As far as I know of, I have not heard of C language support of Array Boundary checking.

              But if you run MISRA-C checking it will warn about possible array over run.

              IAR EWARM compiler has such feature, but I'm afraid that general GCC does not.

               

              Best Regards,

              11-Nov-2019

              Motoo Tanaka

              • 4. Re: Corrupted uint16 variable in a 4000  line main_cm0p.c file
                AchimE_41

                Hi,

                 

                You can add a data WatchPoint while debugging, so the code is stopped whenever your variable is written. Depending on optimisations code might stop few instructions away, but it should give you a hint where the error comes from.

                 

                 

                In case a known value is written to the variable, you could check for that value only by using following code:

                CoreDebug->DEMCR = CoreDebug_DEMCR_TRCENA_Msk  | /*enable tracing*/

                CoreDebug_DEMCR_MON_EN_Msk; /*enable debug interrupt*/

                 

                DWT->COMP0 = (int)&test_var; /* set pointer to test Variable */

                DWT->MASK0 = 0; /* N/A */

                DWT->FUNCTION0 = 0; /* N/A */

                 

                DWT->COMP1 = 9;     /* Value to test for */

                DWT->MASK1 = 0;     /* match all comparator bits, don't ignore any */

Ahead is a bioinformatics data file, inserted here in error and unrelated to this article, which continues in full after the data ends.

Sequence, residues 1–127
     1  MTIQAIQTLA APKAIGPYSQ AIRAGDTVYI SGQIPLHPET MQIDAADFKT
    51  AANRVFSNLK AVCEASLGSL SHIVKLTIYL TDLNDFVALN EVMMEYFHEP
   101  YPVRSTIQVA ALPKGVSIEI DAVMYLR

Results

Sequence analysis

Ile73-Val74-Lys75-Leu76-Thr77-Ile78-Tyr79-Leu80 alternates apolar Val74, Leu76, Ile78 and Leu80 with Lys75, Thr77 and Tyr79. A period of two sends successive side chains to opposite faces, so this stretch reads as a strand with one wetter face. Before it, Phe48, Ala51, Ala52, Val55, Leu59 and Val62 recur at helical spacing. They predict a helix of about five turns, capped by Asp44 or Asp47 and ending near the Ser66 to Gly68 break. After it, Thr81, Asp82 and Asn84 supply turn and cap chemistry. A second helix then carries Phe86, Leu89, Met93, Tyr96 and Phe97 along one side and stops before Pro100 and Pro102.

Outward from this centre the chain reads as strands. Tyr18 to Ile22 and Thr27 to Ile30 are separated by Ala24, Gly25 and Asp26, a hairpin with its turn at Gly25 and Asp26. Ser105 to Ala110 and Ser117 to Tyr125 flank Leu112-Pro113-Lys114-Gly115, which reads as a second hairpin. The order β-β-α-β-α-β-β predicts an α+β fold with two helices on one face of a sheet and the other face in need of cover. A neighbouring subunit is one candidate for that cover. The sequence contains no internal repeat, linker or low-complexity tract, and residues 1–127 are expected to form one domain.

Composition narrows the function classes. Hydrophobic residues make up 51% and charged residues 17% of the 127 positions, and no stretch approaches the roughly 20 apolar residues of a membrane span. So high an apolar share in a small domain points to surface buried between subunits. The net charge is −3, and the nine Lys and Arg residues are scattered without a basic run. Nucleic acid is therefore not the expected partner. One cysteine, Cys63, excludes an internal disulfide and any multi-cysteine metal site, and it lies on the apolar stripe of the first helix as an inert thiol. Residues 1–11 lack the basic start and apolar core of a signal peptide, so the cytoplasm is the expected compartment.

DWT->FUNCTION1 =    (0b00 << 10) |  /* DATAVSIZE 00 - match byte */

                (1 << 12) |     /* Data Match compare value pointer in COMP1 */

                (1 << 8) |      /* DATAVMATCH Enable data comparation */

                  (0b0110 << 0);  /* generate a watchpoint event on write */

                 

                Kind regards,

                Achim

                1 of 1 people found this helpful
                • 5. Re: Corrupted uint16 variable in a 4000  line main_cm0p.c file
                  TeMa_1467596

                  Achim,

                   

                  That sounds useful.  Would it still interrupt if the write to the variable was caused by an out of bounds array?  Is it actually detecting a write to an address rather than a named variable?

                   

                  Ted

                  • 6. Re: Corrupted uint16 variable in a 4000  line main_cm0p.c file
                    AchimE_41

                    Yes it it watching an address and any write access and/or read based on your configuration is monitored and triggers the interrupt/breakpoint.

                    There is also the Mask register where you could watch a certain memory area instead of just a single address.

                     

                    Only thing I noticed is that if you are debugging it will force a breakpoint rather than causing an interrupt. If you run the program it will trigger the interrupt instead.

                     

                    It is an ARM core feature, so you should find some information on WatchPointer via google.

                    I don't know if we have any good KBA on it here at cypress.

                     

                    Achim

                    1 of 1 people found this helpful
                    • 7. Re: Corrupted uint16 variable in a 4000  line main_cm0p.c file
                      TeMa_1467596

                      Thanks, I looked it up, it's found under "WatchPoint".

                       

                      Ted